Lower Pond: Update, September 2006
Yes, it does look a mess! (And things have not been helped by the vandal(s) who so badly damaged two of the adjacent oak trees that they had to be felled for safety reasons.)
For the past 6 years, the level of water in the lower pond has been steadily dropping. The Woodcote Conservation Group – with support from the Parish Council – has been managing a project to find out just what has caused this dramatic change in water levels.
Over the past 18 months we have been working with the UK’s leading pond experts, the charity Pond Conservation (www.pondstrust.org.uk), who have provided funding for a Hydrologist to carry out a detailed survey of the site.
Information gathered from over 20 bore-holes in the surrounding woodland, along with regular monitoring of local rainfall, has shown that the underground aquifer – the main source of water to both ponds – has somehow been diverted and has ceased to flow towards the lower pond. This has meant that without this underground ‘spring’, the pond has only been fed by rainwater, and has thus gradually reduced to the level you see today.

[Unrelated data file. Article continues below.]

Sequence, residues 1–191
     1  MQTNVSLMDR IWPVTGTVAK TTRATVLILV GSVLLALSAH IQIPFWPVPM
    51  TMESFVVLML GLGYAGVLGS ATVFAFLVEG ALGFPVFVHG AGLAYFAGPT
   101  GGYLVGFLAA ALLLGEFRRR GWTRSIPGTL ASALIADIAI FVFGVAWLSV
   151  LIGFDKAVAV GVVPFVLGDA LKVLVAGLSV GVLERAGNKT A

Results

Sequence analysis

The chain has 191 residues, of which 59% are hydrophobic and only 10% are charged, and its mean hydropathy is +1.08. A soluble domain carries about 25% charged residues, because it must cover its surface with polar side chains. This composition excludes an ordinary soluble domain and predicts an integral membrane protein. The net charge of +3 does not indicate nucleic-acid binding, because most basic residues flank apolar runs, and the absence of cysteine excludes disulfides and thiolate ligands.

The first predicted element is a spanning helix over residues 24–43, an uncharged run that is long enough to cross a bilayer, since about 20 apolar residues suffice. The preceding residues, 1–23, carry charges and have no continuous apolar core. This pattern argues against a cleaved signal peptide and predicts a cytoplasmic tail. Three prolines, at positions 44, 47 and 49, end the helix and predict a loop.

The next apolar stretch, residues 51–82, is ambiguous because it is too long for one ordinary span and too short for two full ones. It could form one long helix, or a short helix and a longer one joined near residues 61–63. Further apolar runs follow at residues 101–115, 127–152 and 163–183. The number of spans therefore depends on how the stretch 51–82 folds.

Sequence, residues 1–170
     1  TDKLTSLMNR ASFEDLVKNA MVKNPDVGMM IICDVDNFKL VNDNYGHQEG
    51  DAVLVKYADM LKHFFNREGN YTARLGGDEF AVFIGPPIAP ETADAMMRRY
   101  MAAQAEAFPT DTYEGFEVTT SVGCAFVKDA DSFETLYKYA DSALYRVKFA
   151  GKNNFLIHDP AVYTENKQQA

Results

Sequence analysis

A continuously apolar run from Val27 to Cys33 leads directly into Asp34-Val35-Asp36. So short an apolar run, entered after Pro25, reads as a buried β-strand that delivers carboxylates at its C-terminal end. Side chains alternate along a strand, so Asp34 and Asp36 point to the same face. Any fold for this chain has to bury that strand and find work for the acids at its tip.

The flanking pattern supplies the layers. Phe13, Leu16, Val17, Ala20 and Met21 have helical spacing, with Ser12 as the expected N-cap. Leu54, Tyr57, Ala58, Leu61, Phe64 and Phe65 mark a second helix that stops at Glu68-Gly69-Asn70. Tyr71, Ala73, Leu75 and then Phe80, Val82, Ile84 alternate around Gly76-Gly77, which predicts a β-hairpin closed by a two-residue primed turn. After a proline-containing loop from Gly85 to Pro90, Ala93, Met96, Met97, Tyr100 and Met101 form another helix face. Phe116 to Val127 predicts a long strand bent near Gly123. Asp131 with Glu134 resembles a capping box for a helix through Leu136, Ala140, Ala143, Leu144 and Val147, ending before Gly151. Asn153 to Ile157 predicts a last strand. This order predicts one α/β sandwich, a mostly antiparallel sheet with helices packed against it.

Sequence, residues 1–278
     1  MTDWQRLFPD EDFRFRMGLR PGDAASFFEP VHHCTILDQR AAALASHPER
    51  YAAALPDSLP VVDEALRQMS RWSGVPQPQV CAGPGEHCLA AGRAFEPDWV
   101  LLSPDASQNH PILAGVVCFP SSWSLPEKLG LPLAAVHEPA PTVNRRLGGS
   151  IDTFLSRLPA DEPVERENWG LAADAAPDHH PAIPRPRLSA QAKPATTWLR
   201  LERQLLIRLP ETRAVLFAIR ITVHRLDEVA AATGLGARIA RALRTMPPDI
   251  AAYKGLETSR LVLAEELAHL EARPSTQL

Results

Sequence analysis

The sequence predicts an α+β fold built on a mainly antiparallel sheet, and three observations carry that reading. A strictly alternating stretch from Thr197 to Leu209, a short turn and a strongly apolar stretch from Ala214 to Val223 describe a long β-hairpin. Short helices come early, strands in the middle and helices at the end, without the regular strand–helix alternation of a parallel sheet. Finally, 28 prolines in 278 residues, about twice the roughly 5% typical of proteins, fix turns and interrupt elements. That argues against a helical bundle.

One positive aspect of this reduction in water level is that a set of steps adjacent to the old ‘well-head’ has been exposed, having been hidden from view for the past 80 years. An expert from Oxfordshire Archaeology believes that these steps would have been used to access the water for cooking and washing purposes, before the well was finally capped off in the late 1920s.
Now the problem with the pond has been identified, we have to do something about it. Unfortunately, this is an expensive exercise! It has taken over a year to access the funds needed to pay a professional contractor to carry out the work to ‘by-pass’ the underground breach in the water course and to re-direct the water towards the pond.
We will also be re-structuring the banks of the pond to reduce some of the steep sides and create a pond which has greater wildlife value. This work will begin in Autumn 2006. Regular updates will appear on this website.
Karen Woolley, September 2006